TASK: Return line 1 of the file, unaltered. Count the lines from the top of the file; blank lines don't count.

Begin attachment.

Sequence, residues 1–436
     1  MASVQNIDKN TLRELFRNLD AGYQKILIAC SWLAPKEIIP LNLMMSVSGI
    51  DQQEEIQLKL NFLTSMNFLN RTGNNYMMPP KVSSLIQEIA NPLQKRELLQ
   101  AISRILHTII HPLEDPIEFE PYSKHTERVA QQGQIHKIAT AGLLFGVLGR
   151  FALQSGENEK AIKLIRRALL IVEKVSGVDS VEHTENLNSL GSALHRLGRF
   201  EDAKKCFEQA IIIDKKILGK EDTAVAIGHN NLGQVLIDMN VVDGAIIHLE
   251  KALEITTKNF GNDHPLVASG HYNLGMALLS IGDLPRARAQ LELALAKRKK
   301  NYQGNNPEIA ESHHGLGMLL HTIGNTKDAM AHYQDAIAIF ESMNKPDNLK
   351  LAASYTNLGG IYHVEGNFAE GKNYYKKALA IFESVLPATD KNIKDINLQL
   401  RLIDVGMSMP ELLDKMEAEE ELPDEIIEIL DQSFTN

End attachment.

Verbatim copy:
Sequence, residues 1–436